Back Home – Socrates Garcia Latin Jazz Orchestra

Back Home – Socrates Garcia Latin Jazz Orchestra
Catalog number: M1050


01 Vantage Point
comp: Socrates Garcia
02 Calle el Conde a las 8:00
comp: Socrates Garcia
03 Celebration of the Butterflies
comp: Socrates Garcia
04 Back Home
comp: Socrates Garcia
05 Dominican Suite for Jazz Orchestra: 1. Homage to Tavito
comp: Socrates Garcia
06 Dominican Suite for Jazz Orchestra: 2. Bachata for Two
07 Dominican Suite for Jazz Orchestra: 3. From Across the Street

Socrates Garcia delivers his writing brilliance with an incredibly talented 20+-member Latin Jazz Orchestra in this powerful recording rooted in his Dominican heritage and covered with the aesthetics of jazz! Back Home is, simultaneously, a point of arrival and departure — arriving to a place where Garcia could combine his heritage with the aesthetics of jazz; and departing towards a promising future of this symbiotic relationship.

Track Listing
Vantage Point • Alle el Conde a las 8:00 • Celebration of the Butterflies • Back Home • Dominican Suite for Jazz Orchestra (Homage to Tavito • Bachata for Two • From Across the Street)


SOCRATES GARCIA LATIN JAZZ ORCHESTRA/Back Home:  A Dominican cat now teaching in Colorado rounds up a slew of great soloists to join forces under the penumbra of his big band for a trip back to the mother land to lay down an easy going but high energy mash up of Afro-Caribe jazz/dance music that’ll get you whether you like to get up and shake it or sit and listen.  Snazzy is what comes to mind here.  With never a dull moment to harsh your vibe, this is going to take you to the groovy Latin jazz club in your mind where gringos are always welcome.  Check it out.

-Midwest Record


“Connections with Latin music go back to the earliest years of jazz (Jelly Roll Morton’s ‛Latin tinge’ comes readily to mind) and there have long been big band links. Among these have been Frank Grillo, Maria Bauza, Tito Puente and Dizzy Gillespie. A significant figure today is Socrates Garcia, who was born in the Dominican Republic, which is where he first played guitar but was diverted into an engineering career. Fortunately, that did not last and he decided that music was to be his life. While playing rock and pop, he also studied extensively in America, including spells at the Grove School, Luther College, and universities in Tennessee and Colorado. These studies ranged widely, incorporating classical music but also generating an interest in big band jazz. On this album, Socrates presents his Latin Jazz Orchestra playing his own compositions, which includes his Dominican Suite. The musicians here come from America (recorded at University of Northern Carolina where Socrates is Director of Music Technology) and from the Dominican Republic (recorded at MIDILAB studies, where he had worked as an engineer). All the music on this fine set is exhilarating and played with verve by the band ably demonstrating that big band Latin jazz is alive and well.”

-Jazz Mostly


“Back Home (MAMA Records – 1050) by the SOCRATES GARCIA LATIN JAZZ ORCHESTRA, while flavored with the sounds and rhythms of Garcia’s native Dominican Republic, is more a straightforward modern big band album than a “Latin Jazz” album.  Garcia teaches at the University of Northern Colorado.  For this program of original selections by Garcia, he gathered a blend of UNC students, Colorado musicians and players from the Dominican Republic to form a tight-knit unit that brings out the joy in his charts.  The horns and rhythm section were recorded at UNC, while the percussion section and vocals were recorded in the Dominican Republic.  The music is nicely appealing, blending the Dominican bachata and merengue styles with modern jazz conceptions to create a program that should appeal to both Latin Jazz enthusiasts and those who dig big band music.  Back Home should make you feel comfortable no matter where home is.  (”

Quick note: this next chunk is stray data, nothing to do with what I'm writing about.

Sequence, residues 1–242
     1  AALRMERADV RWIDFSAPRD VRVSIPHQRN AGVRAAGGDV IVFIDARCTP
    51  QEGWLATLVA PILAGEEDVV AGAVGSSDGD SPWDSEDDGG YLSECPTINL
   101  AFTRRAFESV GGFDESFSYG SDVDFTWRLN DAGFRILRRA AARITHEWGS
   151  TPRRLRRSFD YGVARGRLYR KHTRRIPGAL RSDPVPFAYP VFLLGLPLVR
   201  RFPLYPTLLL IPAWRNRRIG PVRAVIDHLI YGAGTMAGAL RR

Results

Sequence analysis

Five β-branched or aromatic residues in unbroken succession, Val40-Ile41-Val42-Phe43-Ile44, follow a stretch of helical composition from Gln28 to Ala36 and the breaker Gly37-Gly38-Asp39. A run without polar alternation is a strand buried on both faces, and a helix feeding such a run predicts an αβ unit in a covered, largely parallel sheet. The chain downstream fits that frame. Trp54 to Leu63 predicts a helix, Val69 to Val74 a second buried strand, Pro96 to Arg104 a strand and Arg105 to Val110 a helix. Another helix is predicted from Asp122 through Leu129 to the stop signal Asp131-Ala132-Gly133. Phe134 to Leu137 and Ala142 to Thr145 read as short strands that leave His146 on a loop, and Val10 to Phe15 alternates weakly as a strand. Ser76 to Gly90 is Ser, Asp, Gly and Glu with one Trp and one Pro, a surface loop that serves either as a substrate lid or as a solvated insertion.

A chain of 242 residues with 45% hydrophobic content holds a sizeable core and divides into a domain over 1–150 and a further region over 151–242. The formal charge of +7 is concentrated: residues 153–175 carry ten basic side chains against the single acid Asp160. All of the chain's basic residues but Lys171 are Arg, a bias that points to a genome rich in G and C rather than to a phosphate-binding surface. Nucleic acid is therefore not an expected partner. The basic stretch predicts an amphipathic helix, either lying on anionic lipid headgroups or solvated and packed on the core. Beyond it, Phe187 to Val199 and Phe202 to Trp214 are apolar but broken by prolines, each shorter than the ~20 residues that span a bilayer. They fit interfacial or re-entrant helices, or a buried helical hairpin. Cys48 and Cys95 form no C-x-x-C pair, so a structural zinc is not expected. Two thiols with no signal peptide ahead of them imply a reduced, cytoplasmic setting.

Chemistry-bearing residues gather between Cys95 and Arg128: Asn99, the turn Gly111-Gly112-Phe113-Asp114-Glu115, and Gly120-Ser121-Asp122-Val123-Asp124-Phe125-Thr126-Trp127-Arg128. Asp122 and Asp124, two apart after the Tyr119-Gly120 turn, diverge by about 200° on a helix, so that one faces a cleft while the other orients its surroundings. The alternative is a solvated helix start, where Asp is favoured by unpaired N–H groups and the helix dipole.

-Jersey Jazz


Back Home, the debut recording by composer / arranger / musicologist Socrates Garcia’s Latin Jazz Orchestra, combines the best of two worlds: ardent Latin jazz that never forswears its roots, and emphatic American-designed big-band swing that provides a solid framework for Garcia’s picturesque Latin / American excursions. Garcia, who was born in the Dominican Republic, is director of Music Technology at the University of Northern Colorado, and Back Home, it seems, represents more a state of mind than any physical locale, even though there are brief stops at “Calle el Conde” and “From Across the Street” in Garcia’s native land, the last a part of the three-movement “Dominican Suite for Jazz Orchestra.”

Garcia’s compositions (he wrote and arranged every number on the album) are lively and effervescent, easily bridging whatever gap, real or imagined, that may exist between American jazz and the music of his homeland. While Latin rhythms predominate, the more well-known samba, bossa and tango are supplanted by Dominican cadences such as the bachata and merengue. As for Garcia’s sidemen, most of whom call Colorado home, their mastery of his blueprint is such that they might easily be misread as emigres from Garcia’s birthplace. An exception is the all-Dominican rhythm section, comprised of pianist Manuel Tejada, bassist Pengbian Sang and drummer Helen De La Rosa (with an assist from percussionists Felix “Abuelo” Garcia, Rafael Almengod, Josue Reynoso and Otoniel Nicolas). Guitarist Steve Kovalchek is added on “Celebration of the Butterflies,” and Garcia plays guitar on “Back Home.”